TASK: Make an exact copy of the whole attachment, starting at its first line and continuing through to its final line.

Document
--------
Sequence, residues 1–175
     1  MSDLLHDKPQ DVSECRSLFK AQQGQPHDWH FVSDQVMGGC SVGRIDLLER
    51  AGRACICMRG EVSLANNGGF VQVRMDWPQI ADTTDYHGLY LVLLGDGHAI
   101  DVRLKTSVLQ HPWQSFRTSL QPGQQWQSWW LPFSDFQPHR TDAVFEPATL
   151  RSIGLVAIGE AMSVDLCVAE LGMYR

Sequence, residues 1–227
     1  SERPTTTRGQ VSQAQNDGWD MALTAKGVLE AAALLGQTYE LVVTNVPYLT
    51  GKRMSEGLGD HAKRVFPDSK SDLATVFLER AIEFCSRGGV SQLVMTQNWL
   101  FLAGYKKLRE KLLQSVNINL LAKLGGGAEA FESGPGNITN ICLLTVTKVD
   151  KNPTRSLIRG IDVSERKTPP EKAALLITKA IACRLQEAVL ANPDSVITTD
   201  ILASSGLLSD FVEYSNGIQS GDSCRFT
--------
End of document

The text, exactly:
Sequence, residues 1–175
     1  MSDLLHDKPQ DVSECRSLFK AQQGQPHDWH FVSDQVMGGC SVGRIDLLER
    51  AGRACICMRG EVSLANNGGF VQVRMDWPQI ADTTDYHGLY LVLLGDGHAI
   101  DVRLKTSVLQ HPWQSFRTSL QPGQQWQSWW LPFSDFQPHR TDAVFEPATL
   151  RSIGLVAIGE AMSVDLCVAE LGMYR

Sequence, residues 1–227
     1  SERPTTTRGQ VSQAQNDGWD MALTAKGVLE AAALLGQTYE LVVTNVPYLT
    51  GKRMSEGLGD HAKRVFPDSK SDLATVFLER AIEFCSRGGV SQLVMTQNWL
   101  FLAGYKKLRE KLLQSVNINL LAKLGGGAEA FESGPGNITN ICLLTVTKVD
   151  KNPTRSLIRG IDVSERKTPP EKAALLITKA IACRLQEAVL ANPDSVITTD
   201  ILASSGLLSD FVEYSNGIQS GDSCRFT